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Cetrimonium bromide

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Cetrimonium bromide
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IUPAC name
hexadecyl-trimethyl-ammonium bromide
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ATC code D08AJ02
R02AA17
57-09-0 7pxY
ChEBI CHEBI:3567 7pxY
ChEMBL ChEMBL113150 7pxN
ChemSpider 5754 7pxY
Jmol-3D images Image
KEGG D03454 7pxY
PubChem Template:Chembox PubChem/format
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C19H42BrN
Molar mass 364.45 g/mol
Appearance white powder
Melting point Script error: No such module "convert". (decomposes)
Except where otherwise noted, data are given for materials in their standard state (at 25 °C [77 °F], 100 kPa).
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Infobox references

Cetrimonium bromide ((C16H33)N(CH3)3Br, cetyltrimethylammonium bromide, hexadecyltrimethylammonium bromide, CTAB) is an amine based cationic quaternary surfactant.

It is one of the components of the topical antiseptic cetrimide.[1] The cetrimonium (or hexadecyltrimethylammonium) cation is an effective antiseptic agent against bacteria and fungi. Its uses also include providing a buffer solution for the extraction of DNA. It has been widely used in synthesis of gold nanoparticles (e.g., spheres, rods, bipyramids) and mesoporous silica nanoparticles (e.g., MCM-41). It is also widely used in hair conditioning products.

As any surfactant, it forms micelles in aqueous solutions. At 303 K (30 °C) it forms micelles with aggregation number 75-120 (depending on method of determination, usually average ~95) and degree of ionization α (fractional charge) 0.2–0.1 (from low to high concentration).

The standard constant of Br- counterion binding to the micelle at 303 K (30 °C) is K° ≈ 400. This value is calculated from Br- and CTA+ ion selective electrode measurements and conductometry data by using literature data for micelle size (r = ~3 nm), extrapolated to the critical micelle concentration of 1 mM. However, it varies with total surfactant concentration so it is extrapolated to the point at which the concentration of micelles is zero)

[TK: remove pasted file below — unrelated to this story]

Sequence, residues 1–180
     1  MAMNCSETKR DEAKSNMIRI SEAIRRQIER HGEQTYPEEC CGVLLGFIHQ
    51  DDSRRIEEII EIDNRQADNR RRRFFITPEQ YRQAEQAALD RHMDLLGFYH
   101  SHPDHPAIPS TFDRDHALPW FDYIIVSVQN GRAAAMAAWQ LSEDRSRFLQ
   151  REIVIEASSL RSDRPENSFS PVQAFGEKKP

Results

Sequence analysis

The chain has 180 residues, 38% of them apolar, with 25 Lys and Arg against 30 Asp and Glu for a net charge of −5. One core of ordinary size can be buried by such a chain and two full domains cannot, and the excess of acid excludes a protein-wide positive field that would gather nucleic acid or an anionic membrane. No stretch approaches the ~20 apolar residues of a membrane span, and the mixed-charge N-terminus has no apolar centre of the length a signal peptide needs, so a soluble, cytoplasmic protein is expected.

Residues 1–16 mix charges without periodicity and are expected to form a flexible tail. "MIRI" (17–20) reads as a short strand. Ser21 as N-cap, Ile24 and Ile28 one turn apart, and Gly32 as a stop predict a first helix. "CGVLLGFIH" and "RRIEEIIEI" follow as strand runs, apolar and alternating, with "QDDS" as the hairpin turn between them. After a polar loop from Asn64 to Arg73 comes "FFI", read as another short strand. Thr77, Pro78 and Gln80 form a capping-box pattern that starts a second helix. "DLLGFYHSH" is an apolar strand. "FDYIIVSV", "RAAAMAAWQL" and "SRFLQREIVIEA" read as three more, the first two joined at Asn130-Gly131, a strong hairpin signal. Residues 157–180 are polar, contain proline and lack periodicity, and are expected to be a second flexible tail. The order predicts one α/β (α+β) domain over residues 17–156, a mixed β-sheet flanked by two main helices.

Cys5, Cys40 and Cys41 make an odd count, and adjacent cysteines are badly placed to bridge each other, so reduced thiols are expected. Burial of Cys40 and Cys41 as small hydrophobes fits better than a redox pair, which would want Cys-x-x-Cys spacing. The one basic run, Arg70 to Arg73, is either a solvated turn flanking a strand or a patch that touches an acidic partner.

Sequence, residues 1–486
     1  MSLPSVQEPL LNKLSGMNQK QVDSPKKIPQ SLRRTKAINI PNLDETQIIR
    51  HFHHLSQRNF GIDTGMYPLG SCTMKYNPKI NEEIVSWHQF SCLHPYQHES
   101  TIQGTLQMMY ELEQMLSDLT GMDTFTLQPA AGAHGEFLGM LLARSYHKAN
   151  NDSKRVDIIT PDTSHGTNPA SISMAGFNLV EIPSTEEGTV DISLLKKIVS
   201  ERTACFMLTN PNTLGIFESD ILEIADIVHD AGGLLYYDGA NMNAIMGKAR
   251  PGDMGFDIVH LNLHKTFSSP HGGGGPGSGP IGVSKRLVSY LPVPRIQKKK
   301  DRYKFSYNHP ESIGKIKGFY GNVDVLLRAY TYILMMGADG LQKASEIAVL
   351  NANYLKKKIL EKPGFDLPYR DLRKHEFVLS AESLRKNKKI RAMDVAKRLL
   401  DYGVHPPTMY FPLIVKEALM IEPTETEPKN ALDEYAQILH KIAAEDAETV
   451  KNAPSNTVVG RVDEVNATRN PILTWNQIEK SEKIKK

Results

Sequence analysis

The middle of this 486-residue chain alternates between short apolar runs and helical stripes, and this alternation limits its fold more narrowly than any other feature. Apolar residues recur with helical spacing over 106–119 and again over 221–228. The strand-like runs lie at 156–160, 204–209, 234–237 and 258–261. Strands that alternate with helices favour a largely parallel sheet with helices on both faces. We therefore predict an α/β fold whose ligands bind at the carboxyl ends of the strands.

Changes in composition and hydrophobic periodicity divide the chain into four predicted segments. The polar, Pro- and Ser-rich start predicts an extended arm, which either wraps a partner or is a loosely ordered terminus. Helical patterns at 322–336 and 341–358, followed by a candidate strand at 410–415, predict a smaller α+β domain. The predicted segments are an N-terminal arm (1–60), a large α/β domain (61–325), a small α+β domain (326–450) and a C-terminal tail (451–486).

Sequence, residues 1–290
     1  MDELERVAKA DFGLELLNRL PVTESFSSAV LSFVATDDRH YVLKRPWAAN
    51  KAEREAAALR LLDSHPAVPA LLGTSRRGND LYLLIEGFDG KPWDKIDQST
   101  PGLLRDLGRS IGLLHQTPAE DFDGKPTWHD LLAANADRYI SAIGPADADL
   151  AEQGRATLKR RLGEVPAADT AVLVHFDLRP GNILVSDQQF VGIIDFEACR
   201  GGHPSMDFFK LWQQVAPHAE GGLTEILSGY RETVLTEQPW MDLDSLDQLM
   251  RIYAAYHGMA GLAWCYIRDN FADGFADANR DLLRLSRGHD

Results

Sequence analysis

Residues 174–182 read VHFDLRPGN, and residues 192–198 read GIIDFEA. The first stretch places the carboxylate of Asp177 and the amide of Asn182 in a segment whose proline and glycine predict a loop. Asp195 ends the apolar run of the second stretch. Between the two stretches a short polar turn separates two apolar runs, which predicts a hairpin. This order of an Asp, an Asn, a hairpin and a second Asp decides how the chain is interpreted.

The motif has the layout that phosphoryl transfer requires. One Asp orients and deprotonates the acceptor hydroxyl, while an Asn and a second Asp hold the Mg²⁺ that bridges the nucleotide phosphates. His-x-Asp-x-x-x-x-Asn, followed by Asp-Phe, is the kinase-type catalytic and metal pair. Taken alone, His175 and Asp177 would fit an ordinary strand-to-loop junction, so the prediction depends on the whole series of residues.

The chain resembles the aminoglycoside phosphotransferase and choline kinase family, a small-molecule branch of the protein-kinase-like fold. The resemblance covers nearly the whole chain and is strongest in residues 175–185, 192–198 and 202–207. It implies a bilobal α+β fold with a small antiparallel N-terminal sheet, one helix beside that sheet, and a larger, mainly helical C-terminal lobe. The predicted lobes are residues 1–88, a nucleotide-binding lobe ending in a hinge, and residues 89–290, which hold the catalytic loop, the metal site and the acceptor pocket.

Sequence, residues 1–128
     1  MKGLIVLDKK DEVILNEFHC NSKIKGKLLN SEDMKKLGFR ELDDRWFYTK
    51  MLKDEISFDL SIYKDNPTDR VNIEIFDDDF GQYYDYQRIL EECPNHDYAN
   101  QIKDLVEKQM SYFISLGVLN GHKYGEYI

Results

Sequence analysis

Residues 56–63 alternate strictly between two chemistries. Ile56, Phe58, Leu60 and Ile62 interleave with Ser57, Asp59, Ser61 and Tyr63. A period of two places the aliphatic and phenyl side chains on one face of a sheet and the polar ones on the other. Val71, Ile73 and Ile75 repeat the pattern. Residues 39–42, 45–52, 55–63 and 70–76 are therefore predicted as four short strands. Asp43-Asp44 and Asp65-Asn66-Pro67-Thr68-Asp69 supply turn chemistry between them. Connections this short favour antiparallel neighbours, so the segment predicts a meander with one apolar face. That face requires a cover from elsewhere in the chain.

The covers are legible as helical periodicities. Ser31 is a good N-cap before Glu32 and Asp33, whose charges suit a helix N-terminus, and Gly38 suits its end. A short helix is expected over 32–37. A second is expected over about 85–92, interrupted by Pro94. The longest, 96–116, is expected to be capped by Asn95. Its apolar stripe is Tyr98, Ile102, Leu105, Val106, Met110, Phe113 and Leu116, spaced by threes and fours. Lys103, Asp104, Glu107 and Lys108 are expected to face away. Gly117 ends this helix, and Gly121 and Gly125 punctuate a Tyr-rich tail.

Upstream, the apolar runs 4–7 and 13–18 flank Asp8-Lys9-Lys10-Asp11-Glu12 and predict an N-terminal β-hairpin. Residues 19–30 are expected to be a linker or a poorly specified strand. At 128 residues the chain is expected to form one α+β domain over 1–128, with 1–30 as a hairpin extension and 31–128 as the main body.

The closely related compounds cetrimonium chloride and cetrimonium stearate are also used as topic antiseptics, and may be found in many household products such as shampoos and cosmetics, while cetrimonium bromide, due to its high cost, is only found in select cosmetics.

Use of CTAB in protein electrophoresis

Because of the broad distribution of negative charges in glycoproteins, these form broad, fuzzy bands in SDS-PAGE (Laemmli-electrophoresis).[2] This can be avoided by using positively charged detergents like CTAB [3][4] instead of the negatively charged SDS. Proteins can be blotted from CTAB-gels in analogy to western blots ("eastern blot"), and CTAB-PAGE can be used as second dimension after IEF. Myelin-associated high hydrophobic protein can be analyzed using CTAB 2-DE.

See also

References

  1. Ito., Emma (November 2009). "Editorial". Potential Use of Cetrimonium Bromide as an Apoptosis-Promoting Anticancer Agent for Head and Neck Cancer 76 (5): 969–983. Retrieved November 2009. 
  2. Laemmli, UK (1970). "Cleavage of structural proteins during the assembly of the head of bacteriophage T4". Nature 227 (5259): 680–5. PMID 5432063. doi:10.1038/227680a0. 
  3. Buxbaum, Engelbert (2003). "Cationic electrophoresis and electrotransfer of membrane glycoproteins". Analytical Biochemistry 314 (1): 70–6. PMID 12633604. doi:10.1016/S0003-2697(02)00639-5. 
  4. E. Buxbaum: Cationic electrophoresis and eastern blotting. In: B.T. Kurien & R.H. Scofield (ed): Protein blotting and detection – Methods and protocols, (Meth. Mol. Biol. 536), Dordrecht (Humana) 2009, ISBN 978-1-934115-73-2, pp. 115–28

Further reading